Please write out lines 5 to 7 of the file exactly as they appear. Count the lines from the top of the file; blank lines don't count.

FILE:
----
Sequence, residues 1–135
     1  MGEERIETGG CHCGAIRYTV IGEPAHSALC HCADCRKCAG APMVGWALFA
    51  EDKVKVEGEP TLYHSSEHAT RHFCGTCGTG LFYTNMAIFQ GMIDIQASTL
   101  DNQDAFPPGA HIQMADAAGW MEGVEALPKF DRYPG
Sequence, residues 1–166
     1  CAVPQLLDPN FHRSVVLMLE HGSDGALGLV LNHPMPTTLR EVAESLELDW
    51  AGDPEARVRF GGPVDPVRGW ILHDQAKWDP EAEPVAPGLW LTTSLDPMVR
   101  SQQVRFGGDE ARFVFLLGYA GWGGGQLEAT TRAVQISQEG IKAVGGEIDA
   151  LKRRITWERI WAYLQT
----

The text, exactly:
Sequence, residues 1–166
     1  CAVPQLLDPN FHRSVVLMLE HGSDGALGLV LNHPMPTTLR EVAESLELDW
    51  AGDPEARVRF GGPVDPVRGW ILHDQAKWDP EAEPVAPGLW LTTSLDPMVR